On August 16th 2009 SONSIK (Society of Nepali Students in Korea) had organized a cultural program in Seoul National University. The main sponsors of the program were the Seoul Global Centre and Hi Seoul. For more information about these organizations please visit these websites : http://global.seoul.go.kr/ and http://english.seoul.go.kr/. You can also find a lot of useful information about Seoul city in these websites. Anyway, back to the program. The program kicked off with a Nepali welcome song by the Nepali cultural troupe in South Korea NKCF (Nepal-Korea Cultural Forum) www.nkcf.or.kr.
The MCs for the evening were Ms. Jung Yeon Lee of South Korea and Mr. Prakash Dhamala of Nepal. Mr. Dhamala is currently pursuing a Masters degree in Public Health in Seoul National University and Ms. Lee is doing her Bachelors degree in business administration in Donguk University. They did a splendid job of hosting the program. This dance represents the mythical story of how Kathmandu valley was created by Manjushree. According to one of the legends, Kathmandu valley was a lake surrounded by hills during the Pleistocene era. It is believed that Bodhisattva Manjushree, a divine saint from China, had come here for pilgrimage and saw a huge lotus emanating bright light at the centre of the lake Nagarad. It represented Swayambhu, a manifestation of the Adhi Buddha, the primordial Buddha. So he cut a deep gorge allowing the water to drain from the lake because he wanted to observe and worship the lotus.The base of the lake became the present Kathmandu valley and the gorge is called Chobhar gorge now.This dance represents the Gurung community of Nepal. The Gurungs traditionally inhabited the Central and Western hilly regions of Nepal. The gentleman playing the traditional Nepali flute ‘Murali’ is Amrit Poudel. He is currently a PhD scholar in Pharmacy in Seoul National University. This dance is from the Tamang community of Nepal who originally inhabited the North central hilly regions of Nepal. This lady is Punamaya Maharjan (Suwal), a PhD scholar of Plant Biochemistry at Seoul National University. She is doing a Newari dance. The Newars are believed to be the original inhabitants of the Kathmandu valley. The two ladies above did a dance representing the Magar community of Nepal whose homeland extends from the western and southern edges of the Dhaulagiri section of the high Himalayas range south to the Mahabharat foothill range and eastward into the Gandaki. This dance represents a popular modern folk song in Nepal ‘aadhi khola urlera ayo’. The lyrics talk of the rush of water in a river and how the woman is compelled to come to meet her love because he beckoned her. Watch the original version of the song below.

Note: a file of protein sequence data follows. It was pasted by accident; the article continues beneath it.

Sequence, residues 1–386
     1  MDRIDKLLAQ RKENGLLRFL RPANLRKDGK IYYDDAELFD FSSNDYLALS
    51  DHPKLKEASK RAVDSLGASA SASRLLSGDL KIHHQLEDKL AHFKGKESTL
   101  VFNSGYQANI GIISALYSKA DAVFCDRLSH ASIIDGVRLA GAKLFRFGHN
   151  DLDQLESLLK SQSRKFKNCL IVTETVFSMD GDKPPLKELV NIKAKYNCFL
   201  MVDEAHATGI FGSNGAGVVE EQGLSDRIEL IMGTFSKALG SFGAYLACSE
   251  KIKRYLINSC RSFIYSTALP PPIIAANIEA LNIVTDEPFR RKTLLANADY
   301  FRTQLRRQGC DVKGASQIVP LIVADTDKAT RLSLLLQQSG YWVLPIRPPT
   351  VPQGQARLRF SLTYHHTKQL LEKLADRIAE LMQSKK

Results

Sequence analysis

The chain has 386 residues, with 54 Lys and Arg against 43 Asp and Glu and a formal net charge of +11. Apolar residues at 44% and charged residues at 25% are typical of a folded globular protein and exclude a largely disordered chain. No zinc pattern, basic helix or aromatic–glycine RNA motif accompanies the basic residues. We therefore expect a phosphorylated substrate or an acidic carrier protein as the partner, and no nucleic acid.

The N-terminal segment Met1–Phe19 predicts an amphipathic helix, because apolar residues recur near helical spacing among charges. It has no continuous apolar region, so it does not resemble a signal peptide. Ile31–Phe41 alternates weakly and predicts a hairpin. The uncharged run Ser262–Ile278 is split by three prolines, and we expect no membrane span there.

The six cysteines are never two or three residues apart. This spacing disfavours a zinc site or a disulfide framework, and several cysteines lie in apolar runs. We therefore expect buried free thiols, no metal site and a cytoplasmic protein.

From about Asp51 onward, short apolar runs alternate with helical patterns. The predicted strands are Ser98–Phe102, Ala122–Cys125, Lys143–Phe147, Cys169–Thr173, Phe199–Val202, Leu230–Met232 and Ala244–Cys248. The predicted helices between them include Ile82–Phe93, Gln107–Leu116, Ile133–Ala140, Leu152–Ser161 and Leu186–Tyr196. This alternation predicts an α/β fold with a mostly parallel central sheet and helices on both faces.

There were people from all over the world in the audience. Including a lot of kids as well. This is Olivia from Poland. She won a prize in the quiz by correctly answering that the height of Mt. Everest is 8848 meters.Even my teachers from the daycare came to watch the program and I was so thrilled to see them. (명지 어린이집 원장님과 선생님)Some more Nepali SNU students with a visiting Professor from Nepal and Korean audience.
Check out Roshan Bhattarai’s website - http://www.anrosh.com Gentleman on the left is Yadav Khanal, Deputy Chief of Mission, Counselor of Nepal Embassy here in Korea. Gentleman in the middle is the President of NKCF, Mr. Prem Gurung.The songs had a lot of people up on stage dancing away to their hearts content. Gentleman on the left is Mr. Park from Gwanak Gu- Namyeong-dong community center.Executive director of Seoul Global Center on the left, President of SONSIK Mr. Tek Ghimire is currently doing his PhD in Seoul National University, and Mr. Yadav. Last of the Gala was the folk song ‘Resham Firiri’. It had everyone tapping their feet and the audience joined in as well to shake a leg.The cultural program ended with the cutting of the cake ceremony and there sure were a lot of candles on that cake.
Also, if you need more information about Nepal Korea Cultural Forum (NKCF) you can visit their website http://www.nkcf.or.kr. Here’s one of their introductory videos -